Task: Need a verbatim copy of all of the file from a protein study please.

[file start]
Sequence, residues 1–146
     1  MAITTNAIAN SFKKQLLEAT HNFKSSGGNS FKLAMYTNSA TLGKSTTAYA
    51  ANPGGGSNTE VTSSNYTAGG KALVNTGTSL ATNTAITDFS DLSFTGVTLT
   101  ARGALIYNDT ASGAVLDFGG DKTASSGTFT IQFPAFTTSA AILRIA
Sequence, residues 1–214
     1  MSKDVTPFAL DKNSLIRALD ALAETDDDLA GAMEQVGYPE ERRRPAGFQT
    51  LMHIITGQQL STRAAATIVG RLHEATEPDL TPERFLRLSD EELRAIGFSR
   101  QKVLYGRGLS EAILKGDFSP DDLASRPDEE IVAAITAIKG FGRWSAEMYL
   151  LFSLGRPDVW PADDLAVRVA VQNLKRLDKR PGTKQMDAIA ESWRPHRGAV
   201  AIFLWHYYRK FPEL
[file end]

Sequence, residues 1–146
     1  MAITTNAIAN SFKKQLLEAT HNFKSSGGNS FKLAMYTNSA TLGKSTTAYA
    51  ANPGGGSNTE VTSSNYTAGG KALVNTGTSL ATNTAITDFS DLSFTGVTLT
   101  ARGALIYNDT ASGAVLDFGG DKTASSGTFT IQFPAFTTSA AILRIA
Sequence, residues 1–214
     1  MSKDVTPFAL DKNSLIRALD ALAETDDDLA GAMEQVGYPE ERRRPAGFQT
    51  LMHIITGQQL STRAAATIVG RLHEATEPDL TPERFLRLSD EELRAIGFSR
   101  QKVLYGRGLS EAILKGDFSP DDLASRPDEE IVAAITAIKG FGRWSAEMYL
   151  LFSLGRPDVW PADDLAVRVA VQNLKRLDKR PGTKQMDAIA ESWRPHRGAV
   201  AIFLWHYYRK FPEL